After some hesitation, he does it with style. This is a heartwarming story about pursuing big goals. The pair end up working together to construct a treehouse and build a friendship in the process. This is a poignant, almost wordless book about the power of the simple act of reaching out. This title is a classroom must-have. This story is a perfect addition to your arsenal of read-aloud books about sharing. Obviously, this book is actually quite fun. Boo feels invisible—because, well, he is—until the pals stumble upon a game where he can excel.
This story is a wonderful way for students to learn about the importance of including others. Handwriting is just one of those things Kindergarten teachers have to tackle. Make it a bit more fun with this story about a plane who learns to skywrite. This sweet and simple story is guaranteed to incite a flurry of friendly letter writing in your classroom. This collection of global traditions will have children counting down to their own big days and also teach them that not all cultures celebrate birthdays. Give them this title about a topic relevant to everyone: school! Teach your class about the features of a nonfiction text as you work together to look up answers to all of their weather-related questions.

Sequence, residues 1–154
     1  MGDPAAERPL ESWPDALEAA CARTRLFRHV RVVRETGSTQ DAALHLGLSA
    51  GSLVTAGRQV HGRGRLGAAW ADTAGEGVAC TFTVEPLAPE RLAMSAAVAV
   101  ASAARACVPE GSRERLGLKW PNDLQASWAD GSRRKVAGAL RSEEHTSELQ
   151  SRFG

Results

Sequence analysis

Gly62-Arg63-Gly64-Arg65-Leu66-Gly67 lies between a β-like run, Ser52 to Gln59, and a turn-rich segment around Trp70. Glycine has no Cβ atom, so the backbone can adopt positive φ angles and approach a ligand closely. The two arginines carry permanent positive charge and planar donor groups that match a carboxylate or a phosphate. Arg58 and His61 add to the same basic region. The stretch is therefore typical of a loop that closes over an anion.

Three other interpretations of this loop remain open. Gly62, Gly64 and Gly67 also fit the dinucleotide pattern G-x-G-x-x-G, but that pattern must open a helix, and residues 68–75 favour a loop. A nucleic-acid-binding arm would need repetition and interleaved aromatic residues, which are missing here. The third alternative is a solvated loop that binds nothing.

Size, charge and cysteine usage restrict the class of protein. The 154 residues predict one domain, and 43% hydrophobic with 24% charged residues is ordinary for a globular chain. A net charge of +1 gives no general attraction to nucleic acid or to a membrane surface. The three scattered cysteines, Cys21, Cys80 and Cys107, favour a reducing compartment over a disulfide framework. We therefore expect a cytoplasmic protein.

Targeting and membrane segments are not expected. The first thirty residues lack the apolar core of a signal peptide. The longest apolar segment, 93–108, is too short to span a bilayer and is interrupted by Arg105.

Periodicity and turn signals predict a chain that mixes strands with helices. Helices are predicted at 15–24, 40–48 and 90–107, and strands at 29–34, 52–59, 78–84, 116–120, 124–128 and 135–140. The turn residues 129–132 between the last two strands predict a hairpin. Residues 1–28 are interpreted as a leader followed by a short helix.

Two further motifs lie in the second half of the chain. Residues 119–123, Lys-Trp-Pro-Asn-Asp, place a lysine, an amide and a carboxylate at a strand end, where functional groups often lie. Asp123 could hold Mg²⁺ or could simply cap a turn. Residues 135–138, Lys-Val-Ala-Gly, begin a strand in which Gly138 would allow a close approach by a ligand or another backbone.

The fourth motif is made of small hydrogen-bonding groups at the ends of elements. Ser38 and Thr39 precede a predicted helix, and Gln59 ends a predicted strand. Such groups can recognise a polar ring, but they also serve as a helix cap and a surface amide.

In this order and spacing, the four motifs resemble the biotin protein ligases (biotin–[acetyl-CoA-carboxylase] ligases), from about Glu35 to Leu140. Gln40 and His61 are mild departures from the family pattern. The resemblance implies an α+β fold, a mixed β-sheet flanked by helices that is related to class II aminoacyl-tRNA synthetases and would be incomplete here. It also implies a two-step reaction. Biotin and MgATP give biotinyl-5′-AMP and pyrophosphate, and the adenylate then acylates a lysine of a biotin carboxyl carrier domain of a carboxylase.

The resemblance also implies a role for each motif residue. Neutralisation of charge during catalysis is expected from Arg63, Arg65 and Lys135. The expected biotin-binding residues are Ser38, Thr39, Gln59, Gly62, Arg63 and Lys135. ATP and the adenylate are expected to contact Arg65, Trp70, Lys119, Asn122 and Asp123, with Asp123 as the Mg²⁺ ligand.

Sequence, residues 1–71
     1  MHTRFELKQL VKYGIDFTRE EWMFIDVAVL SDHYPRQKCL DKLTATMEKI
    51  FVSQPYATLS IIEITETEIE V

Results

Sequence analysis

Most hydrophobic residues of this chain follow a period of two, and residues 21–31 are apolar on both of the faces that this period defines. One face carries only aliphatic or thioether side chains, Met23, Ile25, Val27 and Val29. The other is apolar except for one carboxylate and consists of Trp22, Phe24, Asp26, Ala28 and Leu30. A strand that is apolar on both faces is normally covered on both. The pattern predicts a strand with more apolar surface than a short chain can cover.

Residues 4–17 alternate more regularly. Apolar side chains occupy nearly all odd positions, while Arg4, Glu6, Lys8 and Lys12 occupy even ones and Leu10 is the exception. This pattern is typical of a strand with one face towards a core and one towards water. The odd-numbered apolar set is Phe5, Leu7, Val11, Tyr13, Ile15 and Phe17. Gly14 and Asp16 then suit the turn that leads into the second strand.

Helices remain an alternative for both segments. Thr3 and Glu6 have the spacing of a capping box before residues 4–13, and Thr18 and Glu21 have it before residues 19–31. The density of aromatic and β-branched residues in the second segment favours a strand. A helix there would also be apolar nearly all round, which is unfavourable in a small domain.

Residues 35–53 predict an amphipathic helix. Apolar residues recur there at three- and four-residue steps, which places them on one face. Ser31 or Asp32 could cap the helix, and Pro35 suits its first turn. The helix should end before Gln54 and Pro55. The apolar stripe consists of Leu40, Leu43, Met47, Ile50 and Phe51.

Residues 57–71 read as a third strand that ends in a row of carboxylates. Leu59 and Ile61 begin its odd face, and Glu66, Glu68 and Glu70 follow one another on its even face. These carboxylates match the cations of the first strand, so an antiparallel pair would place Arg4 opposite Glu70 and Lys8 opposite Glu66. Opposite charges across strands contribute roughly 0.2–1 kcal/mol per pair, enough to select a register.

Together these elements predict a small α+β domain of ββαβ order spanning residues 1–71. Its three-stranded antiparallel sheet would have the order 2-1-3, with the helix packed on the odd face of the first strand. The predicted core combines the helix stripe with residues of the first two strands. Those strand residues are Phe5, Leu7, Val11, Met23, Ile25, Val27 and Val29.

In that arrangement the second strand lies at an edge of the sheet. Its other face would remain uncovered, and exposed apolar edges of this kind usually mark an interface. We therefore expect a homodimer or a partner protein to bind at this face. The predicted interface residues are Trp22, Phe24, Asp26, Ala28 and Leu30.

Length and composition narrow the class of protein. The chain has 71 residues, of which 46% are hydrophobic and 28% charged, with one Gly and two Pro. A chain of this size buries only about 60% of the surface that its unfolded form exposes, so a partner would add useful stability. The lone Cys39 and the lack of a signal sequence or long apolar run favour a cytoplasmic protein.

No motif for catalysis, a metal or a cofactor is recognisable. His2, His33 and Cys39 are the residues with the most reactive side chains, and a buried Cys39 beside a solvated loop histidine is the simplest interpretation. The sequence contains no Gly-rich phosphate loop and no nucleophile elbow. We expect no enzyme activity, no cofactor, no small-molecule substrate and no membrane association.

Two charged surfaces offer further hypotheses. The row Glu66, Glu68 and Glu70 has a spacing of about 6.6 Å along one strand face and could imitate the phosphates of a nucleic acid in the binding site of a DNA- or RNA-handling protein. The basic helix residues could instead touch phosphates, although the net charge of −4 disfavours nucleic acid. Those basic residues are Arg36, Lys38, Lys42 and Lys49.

This innovative book uses paper cutouts to show how land and water forms are related—plus, plenty of fun details in the illustrations invite wondering and conversation. This title takes a complex topic—microbes—and packages it in an interactive way even young kids can understand. Share it when you talk about hand-washing again, and again, and again. Perfect blends of artistry, information and engagement, each title uses cut-outs to share new details on each page about a topic in nature.
Keep an eye out for Ocean coming in Robert Sabuda Matthew Reinhart. Are You My Mother? Pop-Up Dinosaurs Pop-ups. Fiona Watt Alessandra Psacharopulo. Plant the Tiny Seed. Christie Matheson. Australian Animals Alphaprints. Katie Scott Kathy Willis. Katie Daynes Marie-Eve Tremblay. Ten Little Dinosaurs Ten Little. Mike Brownlow Simon Rickerty. Yucky Worms Nature Storybooks. The Big Book of the Blue. Rebel Cats! Brave Tales of Feisty Felines. Kimberlie Hamilton. National Geographic Kids. Walter Foster Junior Creative Team. Dinosaurs A Children's Encyclopedia.
Megan Cullis Bao Luu. The Wonder of Trees. Nicola Davies Lorna Scobie. Julia Donaldson Sharon King-Chai. Miranda Krestovnikoff Jill Calder. Amazing Evolution Journey of Life. Anna Claybourne Wesley Robins. Moon Night-time Around the World. Britta Teckentrup. Jenny Broom Katie Scott. Libby Walden Clover Robin. Rohan Cleave Coral Tulloch. Ants National Geographic Readers : Level 1.
My First Book of Nature With 4 wipe-clean spotting cards. Camilla de la Bedoyere Jane Newland. Guinness World Records. Isabel Sanchez Vegara Beatrice Cerocchi. Dictionary of Dinosaurs Illustrated A to Z of every dinosaur ever disco